Back in the day, when my novel Phantoms was being turned into a film by Miramax, through their Rogue division, Gerda and I were invited to the Miramax party following the Golden Globe Awards. At the time, that party was always described in the media as the one for which all the most glamorous people sought invitations. The impression was given that the stars so desired being at this soiree that Julia Roberts might have beaten the crap out of Woody Allen and stolen his invitation if she could have gotten away with it. So I put on a tux, and Gerda dressed beautifully for the occasion, and we drove less than a block, from the Peninsula Hotel, where we were staying, to the hotel where the party was being thrown, expecting to be agape for several hours, stunned by the lavish decorations and the presence of a virtual hornet’s nest of movie stars.
Instead, at least two banquet rooms had been connected, the walls concealed with tacky red faux-velvet drapes, so it seemed that either the hundreds of people standing around with drinks in their hands were waiting for the curtain to part and a movie to begin in a vast theater with a 360-degree screen, or we were in a low-rent bordello that couldn’t afford beds.
There were serve-yourself food stations offering all manner of treats. However, there were numerous guests with colds, sneezing and coughing around the food, and people were picking up items for their plates but then having second thoughts and returning them to the food stations. We stuck with cabernet sauvignon.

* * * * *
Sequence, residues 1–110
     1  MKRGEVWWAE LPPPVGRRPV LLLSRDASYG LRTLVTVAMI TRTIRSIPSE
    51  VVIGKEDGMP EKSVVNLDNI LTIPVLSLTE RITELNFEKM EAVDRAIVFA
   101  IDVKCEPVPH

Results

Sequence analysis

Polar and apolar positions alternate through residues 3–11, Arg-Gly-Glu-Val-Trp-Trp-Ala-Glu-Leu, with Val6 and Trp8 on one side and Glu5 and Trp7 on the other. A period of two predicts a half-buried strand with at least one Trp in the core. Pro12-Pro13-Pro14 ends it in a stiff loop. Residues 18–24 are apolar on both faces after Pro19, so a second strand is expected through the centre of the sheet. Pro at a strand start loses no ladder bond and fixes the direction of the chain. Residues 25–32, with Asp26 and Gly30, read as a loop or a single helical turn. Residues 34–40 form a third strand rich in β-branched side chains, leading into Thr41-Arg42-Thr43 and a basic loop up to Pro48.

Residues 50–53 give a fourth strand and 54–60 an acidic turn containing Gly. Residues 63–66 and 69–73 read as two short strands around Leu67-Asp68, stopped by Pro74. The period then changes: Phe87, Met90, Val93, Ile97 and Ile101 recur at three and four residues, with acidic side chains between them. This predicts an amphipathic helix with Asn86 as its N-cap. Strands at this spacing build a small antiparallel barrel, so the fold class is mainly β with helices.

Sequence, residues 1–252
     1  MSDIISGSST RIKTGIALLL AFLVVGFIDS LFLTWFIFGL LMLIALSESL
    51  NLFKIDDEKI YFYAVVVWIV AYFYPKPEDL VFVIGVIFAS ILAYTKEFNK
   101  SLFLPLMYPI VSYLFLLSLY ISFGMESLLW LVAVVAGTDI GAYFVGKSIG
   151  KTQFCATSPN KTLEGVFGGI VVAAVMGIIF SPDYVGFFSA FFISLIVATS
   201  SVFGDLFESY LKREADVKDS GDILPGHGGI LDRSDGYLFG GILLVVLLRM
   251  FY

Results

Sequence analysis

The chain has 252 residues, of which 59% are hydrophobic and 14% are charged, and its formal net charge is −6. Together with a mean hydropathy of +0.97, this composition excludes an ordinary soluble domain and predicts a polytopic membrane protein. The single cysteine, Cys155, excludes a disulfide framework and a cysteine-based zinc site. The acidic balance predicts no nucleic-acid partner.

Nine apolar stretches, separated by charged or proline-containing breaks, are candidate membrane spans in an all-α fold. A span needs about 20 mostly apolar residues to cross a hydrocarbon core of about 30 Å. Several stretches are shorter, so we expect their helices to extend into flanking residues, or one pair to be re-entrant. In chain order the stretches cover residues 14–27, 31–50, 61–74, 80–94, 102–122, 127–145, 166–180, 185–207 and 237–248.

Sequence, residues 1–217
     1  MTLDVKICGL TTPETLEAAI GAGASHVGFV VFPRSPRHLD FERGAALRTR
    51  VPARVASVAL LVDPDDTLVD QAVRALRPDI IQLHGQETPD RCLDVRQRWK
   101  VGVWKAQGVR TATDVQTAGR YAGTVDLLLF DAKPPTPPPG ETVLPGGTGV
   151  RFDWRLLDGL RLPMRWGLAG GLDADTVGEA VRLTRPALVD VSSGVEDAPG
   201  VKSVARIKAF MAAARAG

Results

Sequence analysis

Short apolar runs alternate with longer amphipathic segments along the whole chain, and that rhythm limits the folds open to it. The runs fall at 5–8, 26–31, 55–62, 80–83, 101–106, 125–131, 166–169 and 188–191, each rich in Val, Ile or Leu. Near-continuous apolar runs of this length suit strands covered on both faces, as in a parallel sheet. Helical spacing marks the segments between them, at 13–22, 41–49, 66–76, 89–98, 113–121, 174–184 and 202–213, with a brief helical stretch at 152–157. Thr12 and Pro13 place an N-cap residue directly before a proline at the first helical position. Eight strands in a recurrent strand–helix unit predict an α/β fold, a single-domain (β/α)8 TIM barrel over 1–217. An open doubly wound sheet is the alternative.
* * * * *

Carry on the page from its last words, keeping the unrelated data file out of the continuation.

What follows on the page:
The guests weren’t 80% famous faces, as the media portray such events, but 95% producers and film executives and film critics and the like, so for the most part you might have thought you were at a convention of office-equipment salesmen in Cleveland.
There was a large circular bar, and one of the eight bartenders did his version of Don Rickles, issuing insults when he took your order and delivered it. I heard him insult two people ahead of me, and when I placed my order, he said, “You want the cabernet in two glasses? Man, you look like you take it straight in a vein.” Some of what he said was potentially amusing, but he delivered his lines with such a vicious edge, you couldn’t be sure if he was treating the gig as an audition, hoping to land a job as a stand-up comic, or if he was a dangerous psychopath.
While I was waiting for the wine, Matt LeBlanc, then starring in Friends, stepped to the bar beside me. As the bartender poured the second glass of cab, he looked at LeBlanc, whom he clearly recognized, and when his new customer asked for one drink or another, the would-be Rickles spewed forth a colorful series of expletives that I won’t repeat here, suggesting that if the actor couldn’t be patient, he should get his own damn drink. LeBlanc, who had been perfectly nice, is apparently a mellow guy. Though he hadn’t had the benefit of seeing the bartender in action, he stood blinking as if bewildered at the heated response, said not a word, and waited for his drink.
According to the media, the party was expected to go on until the wee hours of the morning. After less than an hour, Gerda and I fled back to the Peninsula Hotel and had dinner together, having overdosed on glamour for the night.